Griffiths grabs new generation

Andy Griffiths greets a young fan on his visit to Launceston late last year.
Andy Griffiths greets a young fan on his visit to Launceston late last year.

TWENTY years ago, Andy Griffiths was not to be trusted.

Parents watched nervously as their children devoured his tales of silliness and mayhem, worried that their brood may act on the themes contained within the JUST! series, or The Day My Bum Went Psycho.

But it was a seed of literacy - not anarchy - that Griffiths had in mind all along. Now that generation of young readers are introducing their own kids to his weird and wonderful world.

Griffiths, Australia's most popular children's author, has produced more than 25 books since putting pen to paper in 1992, several of his tales making best seller lists and being adapted to the screen.

For 20 years he has delivered tales of the bizarre and naughty, his Treehouse series the most recent example, with yesterday's children helping stretch his legacy across two generations.

"When I first started, it took a while for the parents to get comfortable with what I was doing," he said.

"They were very nervous because they thought I was trying to stir the kids up and make them behave badly. But after a while, they could see I just wanted the kids to fall in love with reading.

"Now the parents are in on the joke, and they are often the ones laughing the loudest."

Griffiths said he was expecting to meet both young and old during his three days at Beaconsfield Primary School next weekend as part of the Festival of Golden Words.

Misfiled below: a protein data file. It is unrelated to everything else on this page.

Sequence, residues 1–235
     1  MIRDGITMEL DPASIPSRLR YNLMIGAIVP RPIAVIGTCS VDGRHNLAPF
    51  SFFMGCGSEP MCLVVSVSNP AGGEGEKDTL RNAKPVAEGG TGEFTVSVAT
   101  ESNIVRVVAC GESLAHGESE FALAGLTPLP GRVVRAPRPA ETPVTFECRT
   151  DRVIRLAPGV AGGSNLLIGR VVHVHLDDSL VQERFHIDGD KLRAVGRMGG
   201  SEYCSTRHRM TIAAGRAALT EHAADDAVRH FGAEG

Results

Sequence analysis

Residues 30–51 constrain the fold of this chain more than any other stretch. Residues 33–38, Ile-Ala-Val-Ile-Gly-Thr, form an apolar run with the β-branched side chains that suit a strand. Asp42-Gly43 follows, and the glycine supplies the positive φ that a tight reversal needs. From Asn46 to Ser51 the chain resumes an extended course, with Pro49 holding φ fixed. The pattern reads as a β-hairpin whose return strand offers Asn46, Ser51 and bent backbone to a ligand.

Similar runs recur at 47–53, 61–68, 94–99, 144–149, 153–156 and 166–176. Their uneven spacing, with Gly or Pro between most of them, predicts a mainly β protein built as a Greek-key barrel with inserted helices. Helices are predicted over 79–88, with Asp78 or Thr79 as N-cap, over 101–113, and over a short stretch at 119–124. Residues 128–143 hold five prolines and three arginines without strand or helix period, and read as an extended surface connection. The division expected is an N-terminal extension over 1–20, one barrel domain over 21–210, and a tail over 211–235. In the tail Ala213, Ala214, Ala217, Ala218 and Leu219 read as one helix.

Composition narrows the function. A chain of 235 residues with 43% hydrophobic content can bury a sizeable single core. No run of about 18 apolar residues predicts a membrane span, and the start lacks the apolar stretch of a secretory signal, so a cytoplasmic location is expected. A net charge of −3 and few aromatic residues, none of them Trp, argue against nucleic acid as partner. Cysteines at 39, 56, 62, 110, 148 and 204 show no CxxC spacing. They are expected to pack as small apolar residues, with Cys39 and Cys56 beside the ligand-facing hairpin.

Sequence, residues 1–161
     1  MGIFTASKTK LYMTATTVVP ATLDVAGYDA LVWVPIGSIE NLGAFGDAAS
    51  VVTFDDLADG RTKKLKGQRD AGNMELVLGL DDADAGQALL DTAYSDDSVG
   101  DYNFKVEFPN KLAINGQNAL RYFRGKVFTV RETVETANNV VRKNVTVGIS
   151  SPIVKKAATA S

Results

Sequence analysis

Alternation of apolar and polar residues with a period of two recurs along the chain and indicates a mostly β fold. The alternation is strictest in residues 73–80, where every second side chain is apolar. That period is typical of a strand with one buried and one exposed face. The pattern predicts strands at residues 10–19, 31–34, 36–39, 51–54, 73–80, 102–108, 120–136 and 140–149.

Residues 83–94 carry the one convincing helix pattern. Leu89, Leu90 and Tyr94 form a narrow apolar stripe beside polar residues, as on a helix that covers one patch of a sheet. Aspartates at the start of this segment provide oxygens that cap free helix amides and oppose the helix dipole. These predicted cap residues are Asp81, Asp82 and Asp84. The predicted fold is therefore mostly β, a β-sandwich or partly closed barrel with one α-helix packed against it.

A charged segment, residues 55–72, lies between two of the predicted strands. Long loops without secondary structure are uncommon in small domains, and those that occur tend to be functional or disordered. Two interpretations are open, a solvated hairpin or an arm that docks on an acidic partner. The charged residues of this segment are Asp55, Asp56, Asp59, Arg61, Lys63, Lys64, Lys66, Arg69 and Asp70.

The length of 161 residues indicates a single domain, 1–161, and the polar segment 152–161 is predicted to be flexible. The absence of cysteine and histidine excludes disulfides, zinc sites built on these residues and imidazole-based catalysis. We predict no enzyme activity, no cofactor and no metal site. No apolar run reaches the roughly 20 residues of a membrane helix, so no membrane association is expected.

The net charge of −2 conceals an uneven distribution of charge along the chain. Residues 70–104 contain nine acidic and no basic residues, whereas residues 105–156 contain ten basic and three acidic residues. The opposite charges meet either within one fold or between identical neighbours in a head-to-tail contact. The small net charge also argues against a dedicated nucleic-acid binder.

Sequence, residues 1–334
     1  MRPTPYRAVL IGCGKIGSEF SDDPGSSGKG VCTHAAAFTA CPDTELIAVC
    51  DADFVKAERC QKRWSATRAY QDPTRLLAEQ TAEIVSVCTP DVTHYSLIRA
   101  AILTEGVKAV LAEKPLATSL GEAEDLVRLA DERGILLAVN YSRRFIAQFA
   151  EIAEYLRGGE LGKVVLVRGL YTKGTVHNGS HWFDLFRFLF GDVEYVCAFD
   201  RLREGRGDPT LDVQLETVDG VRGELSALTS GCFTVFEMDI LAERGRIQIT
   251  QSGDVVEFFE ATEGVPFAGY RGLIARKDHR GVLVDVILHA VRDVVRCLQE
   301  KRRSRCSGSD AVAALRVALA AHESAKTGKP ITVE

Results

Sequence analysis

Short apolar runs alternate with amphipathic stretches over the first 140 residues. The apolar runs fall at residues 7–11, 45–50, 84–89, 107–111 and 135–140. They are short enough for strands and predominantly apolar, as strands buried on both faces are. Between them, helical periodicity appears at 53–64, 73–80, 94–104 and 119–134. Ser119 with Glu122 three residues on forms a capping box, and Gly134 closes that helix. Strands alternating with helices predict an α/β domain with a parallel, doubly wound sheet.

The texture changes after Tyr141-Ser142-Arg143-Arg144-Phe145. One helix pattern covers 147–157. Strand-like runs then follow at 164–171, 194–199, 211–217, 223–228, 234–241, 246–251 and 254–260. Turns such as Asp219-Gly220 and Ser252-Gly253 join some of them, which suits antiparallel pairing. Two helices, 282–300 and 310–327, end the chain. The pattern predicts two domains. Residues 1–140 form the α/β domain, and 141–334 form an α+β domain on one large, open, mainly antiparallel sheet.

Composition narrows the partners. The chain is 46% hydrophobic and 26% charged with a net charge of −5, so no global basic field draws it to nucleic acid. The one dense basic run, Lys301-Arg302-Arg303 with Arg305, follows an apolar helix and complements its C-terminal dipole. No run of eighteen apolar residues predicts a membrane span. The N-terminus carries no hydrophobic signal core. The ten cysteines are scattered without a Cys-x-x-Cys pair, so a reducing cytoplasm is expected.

Speaking to a crowd remains a humbling notion for the 52-year-old, who said he never expected his stories to catch on as they had.

"It is incredibly gratifying, because in the beginning I didn't think it would last," he said.

"I maybe thought it would apply to one generation of kids, and then they would move on, because kids are notorious for moving on. But it seems that kids haven't changed that much. They all enjoy silliness and incongruity and playfulness in fiction."

Aside from employing props such as cockroach salad and spew relish, Griffiths said kids needed to trust their storyteller.

"The children's writers I have admired - people like Dr Seuss, Roald Dahl and Enid Blyton - all of them have a voice that you instantly relax and go with," he said.

"They can entertain you, scare you, lead you up the garden path. But you love the sound of their voice, even beyond what they are talking about. When you're in the hands of a good storyteller, you relax, and let them take you where they want to take you."


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